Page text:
By Terry Odell
After producing my first audio book, I learned that skipping a ‘read it out loud’ editing pass means you’re going to miss things. Heck, even when you do read it aloud, you can still miss things, as I’ve always caught glitches when I’ve listened to the narrations. When you do your own read aloud, your brain will still see what it expects, and you’ll read what it’s supposed to say, not what itsays.
That’s when I investigated having my computer read my manuscript to me. I’d tried it a long time ago, and the robotic voice was impossible to listen to. However, there have been improvements in the system, so I decided to give things another shot. (Note: as an indie author, I can still make changes after edits. If you’re traditionally published, you’ll probably want to take this step before you send it off.) Word has a ‘speak selected text’ option. There are pros and cons, and here’s the process in a nutshell.
First, you need to add the “Speak” option to the Quick Access Toolbar, which is up at the very top of a document and has the icons for ‘save’ ‘undo’ and ‘redo’. There were plenty of simple to follow tutorials with pictures, so this step wasn’t hard. You go to “Customize Quick Access Toolbar” which on my version of Word is a little drop-down arrow way at the top, then choose “All Commands” and scroll down to Speak, then click Add.
Then it’s a matter of highlighting what you want the voice to read and listening.
(Note: I recently updated to the subscription version of Office, and there’s an even better way to have the computer read to you, but since a lot of people don’t use that, I’m not going to go into the differences here.)
There’s a major difference in listening to a narrator’s rendition of an audiobook and having a computer read it. At least the narrator is performing the book. The guy who’s reading my text to me (I call him Fred) isn’t quite a robot, but there are things to get used to.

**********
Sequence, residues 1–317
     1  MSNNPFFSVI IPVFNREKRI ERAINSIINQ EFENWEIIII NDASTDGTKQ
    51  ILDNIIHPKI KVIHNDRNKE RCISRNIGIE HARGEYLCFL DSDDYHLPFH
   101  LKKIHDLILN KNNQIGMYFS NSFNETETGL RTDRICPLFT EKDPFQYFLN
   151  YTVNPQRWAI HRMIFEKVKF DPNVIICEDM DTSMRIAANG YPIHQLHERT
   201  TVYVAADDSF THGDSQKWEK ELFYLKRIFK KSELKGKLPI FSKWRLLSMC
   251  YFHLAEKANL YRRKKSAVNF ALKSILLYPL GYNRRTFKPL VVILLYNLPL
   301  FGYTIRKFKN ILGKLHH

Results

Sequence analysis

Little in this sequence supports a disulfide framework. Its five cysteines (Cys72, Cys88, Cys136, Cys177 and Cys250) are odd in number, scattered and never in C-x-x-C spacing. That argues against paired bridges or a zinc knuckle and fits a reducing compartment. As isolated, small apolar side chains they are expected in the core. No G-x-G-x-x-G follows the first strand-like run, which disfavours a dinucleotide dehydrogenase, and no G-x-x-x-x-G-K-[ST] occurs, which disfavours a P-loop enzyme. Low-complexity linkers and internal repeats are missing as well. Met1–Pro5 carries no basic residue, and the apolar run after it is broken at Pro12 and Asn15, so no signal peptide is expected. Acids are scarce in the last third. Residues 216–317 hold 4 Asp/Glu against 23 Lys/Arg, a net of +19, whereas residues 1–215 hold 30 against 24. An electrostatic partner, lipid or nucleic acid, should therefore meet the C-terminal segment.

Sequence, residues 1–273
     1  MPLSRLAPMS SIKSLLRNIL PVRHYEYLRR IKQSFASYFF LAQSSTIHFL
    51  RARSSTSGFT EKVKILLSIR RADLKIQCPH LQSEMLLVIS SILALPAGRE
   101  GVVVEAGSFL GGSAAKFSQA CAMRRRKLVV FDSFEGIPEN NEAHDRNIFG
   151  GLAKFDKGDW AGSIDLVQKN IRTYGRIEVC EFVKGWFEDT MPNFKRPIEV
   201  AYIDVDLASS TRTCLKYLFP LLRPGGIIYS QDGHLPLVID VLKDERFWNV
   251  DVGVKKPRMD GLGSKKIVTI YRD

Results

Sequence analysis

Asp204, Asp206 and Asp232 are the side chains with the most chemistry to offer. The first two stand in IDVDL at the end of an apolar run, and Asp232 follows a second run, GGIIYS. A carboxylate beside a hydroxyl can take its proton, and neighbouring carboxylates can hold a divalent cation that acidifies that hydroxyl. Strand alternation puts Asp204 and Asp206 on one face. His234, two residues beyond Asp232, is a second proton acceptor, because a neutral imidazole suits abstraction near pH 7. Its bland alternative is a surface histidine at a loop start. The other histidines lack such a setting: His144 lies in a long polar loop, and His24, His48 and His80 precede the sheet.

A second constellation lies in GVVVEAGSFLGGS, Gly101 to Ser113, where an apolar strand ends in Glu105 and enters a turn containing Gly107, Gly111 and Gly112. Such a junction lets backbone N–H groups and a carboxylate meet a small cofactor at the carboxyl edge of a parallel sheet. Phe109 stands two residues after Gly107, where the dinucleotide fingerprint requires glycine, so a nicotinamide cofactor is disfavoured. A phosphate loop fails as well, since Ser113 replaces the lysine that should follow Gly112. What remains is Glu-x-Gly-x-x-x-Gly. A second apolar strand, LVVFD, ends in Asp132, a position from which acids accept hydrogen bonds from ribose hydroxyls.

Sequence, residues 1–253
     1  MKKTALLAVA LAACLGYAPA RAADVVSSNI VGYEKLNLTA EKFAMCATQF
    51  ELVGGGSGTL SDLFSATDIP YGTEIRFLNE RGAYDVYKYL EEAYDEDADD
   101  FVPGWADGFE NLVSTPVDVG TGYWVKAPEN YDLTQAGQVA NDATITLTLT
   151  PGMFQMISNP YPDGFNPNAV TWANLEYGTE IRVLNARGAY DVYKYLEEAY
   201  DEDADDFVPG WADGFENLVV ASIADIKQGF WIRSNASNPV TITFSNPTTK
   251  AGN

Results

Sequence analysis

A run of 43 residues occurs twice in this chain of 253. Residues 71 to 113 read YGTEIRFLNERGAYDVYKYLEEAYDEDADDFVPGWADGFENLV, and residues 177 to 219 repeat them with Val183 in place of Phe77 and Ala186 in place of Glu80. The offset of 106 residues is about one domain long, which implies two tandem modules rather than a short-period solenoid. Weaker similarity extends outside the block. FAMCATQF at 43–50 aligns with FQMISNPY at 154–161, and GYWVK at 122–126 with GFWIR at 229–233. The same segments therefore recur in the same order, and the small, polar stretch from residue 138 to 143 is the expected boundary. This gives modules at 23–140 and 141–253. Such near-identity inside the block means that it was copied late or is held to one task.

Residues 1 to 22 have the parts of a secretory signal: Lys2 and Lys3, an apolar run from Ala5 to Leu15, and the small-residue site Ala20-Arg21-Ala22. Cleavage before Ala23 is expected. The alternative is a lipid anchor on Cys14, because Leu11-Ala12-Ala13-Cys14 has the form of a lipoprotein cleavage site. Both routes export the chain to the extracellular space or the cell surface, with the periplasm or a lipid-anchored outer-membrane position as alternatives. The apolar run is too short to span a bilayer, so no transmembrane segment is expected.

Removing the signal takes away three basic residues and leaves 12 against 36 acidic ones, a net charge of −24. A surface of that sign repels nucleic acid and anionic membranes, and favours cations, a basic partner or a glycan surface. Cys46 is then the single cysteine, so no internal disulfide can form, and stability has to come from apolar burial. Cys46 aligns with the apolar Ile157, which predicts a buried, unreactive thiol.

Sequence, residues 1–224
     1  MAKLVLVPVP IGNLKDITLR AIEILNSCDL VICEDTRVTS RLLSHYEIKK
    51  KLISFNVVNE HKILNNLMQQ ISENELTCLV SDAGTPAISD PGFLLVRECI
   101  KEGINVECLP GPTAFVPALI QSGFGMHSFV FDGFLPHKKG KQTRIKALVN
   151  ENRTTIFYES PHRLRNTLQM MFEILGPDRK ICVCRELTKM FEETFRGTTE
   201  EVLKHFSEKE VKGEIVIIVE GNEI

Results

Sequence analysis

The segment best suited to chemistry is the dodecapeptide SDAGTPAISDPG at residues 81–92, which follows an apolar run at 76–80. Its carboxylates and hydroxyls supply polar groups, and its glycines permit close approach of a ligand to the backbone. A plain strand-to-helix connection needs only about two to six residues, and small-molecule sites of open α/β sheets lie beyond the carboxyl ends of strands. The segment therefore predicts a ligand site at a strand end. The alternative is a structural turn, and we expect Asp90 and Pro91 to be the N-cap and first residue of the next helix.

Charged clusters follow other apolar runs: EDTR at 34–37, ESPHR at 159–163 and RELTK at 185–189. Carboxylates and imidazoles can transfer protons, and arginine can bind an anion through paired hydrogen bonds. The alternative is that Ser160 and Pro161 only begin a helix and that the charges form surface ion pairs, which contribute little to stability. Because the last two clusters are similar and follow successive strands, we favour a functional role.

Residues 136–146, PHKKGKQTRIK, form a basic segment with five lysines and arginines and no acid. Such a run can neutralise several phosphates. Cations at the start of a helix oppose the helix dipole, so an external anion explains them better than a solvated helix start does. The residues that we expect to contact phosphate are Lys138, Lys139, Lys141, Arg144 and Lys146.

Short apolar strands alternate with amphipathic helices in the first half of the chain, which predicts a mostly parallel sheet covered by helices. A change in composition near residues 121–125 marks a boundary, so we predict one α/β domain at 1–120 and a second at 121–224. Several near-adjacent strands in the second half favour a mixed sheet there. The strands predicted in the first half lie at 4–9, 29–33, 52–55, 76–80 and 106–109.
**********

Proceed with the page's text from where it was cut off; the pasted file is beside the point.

What I’ve learned so far.
1. “Fred” is going to read exactly what’s on the page, unlike the audiobook narrators who sometimes leave out words, or substitute others. For example, I’d read this paragraph countless times, as had my editor and critique partners. She drove the up the dirt lane. A beam of sunlight shone through a break in the gray winter sky, reflecting off a sprawling white two-story house, as if to say, This is your light in the darkness. Yet I never saw the typo. But when “Fred” read it, the extra “the” jumped right out.
2. It forces you to go slowly. I look for the same things I looked for in the audiobook proofing process—wrong punctuation, improper spacing, and the like. If I catch repeated words that evaded my eyes but not my ears, I’ll fix those as well.
1. There are limits to how big a selection it will read, somewhere around a single-spaced page. I believe it’s going by character count, as when you select too much text, it often stops mid-word. I find this nice, because it gives me breaks from the monotony.
2. There will be pronunciation errors. “Fred” doesn’t read in context. He doesn’t emphasize words in italics. He speeds up for dashes and hyphens. Words that are spelled the same (read/read; live/live) will all be pronounced the same, which can give you a jolt—but that’s good, because it makes you pay attention.
3. If you pause to stop the reading (clicking the icon stops it), when you click the icon again, it will go back to where you started with the selected text, so you need to remember to unhighlight the parts he’s already finished and re-select from where you left off.
By the time “Fred” and I are through the manuscript, I will have a better product for my readers. Is it worth it.? I’d say yes, especially when you get a review like this one:“After reading so many books with poor editing, I was very happy to finally read a book without the distracting errors and I was able to enjoy the story.”
From childhood, Terry Odell wanted to "fix" stories, so the characters would behave properly, although it never occurred to her to write her own. Once she began writing—which didn’t happen until her AARP card was well-worn—she found controlling her characters wasn't always possible, as evidenced when the mystery she intended to write turned into a romance, even though she'd never read one. Odell prefers to think of her books as "Mysteries with Relationships." After writing eight romantic suspense novels, she finally broke into the mystery genre with Deadly Secrets, and continued that series with Deadly Bones, Deadly Puzzles, Deadly Production, and Deadly Places. Her newest release is Deadly Engagement, the 6th offering in that series. She writes the Blackthorne, Inc. series, the Pine Hills Police series, the Triple-D Ranch series, and the Mapleton Mystery series. Her short story collection, Seeing Red, is a Silver Falchion winner. Where Danger Hides, the second book in her Blackthorne series is a HOLT Medallion winner. You can find her high in the Colorado Rockies (that's altitude—she lives at 9100 feet!) watching wildlife from her window when she should be writing, or at her website, terryodell.com.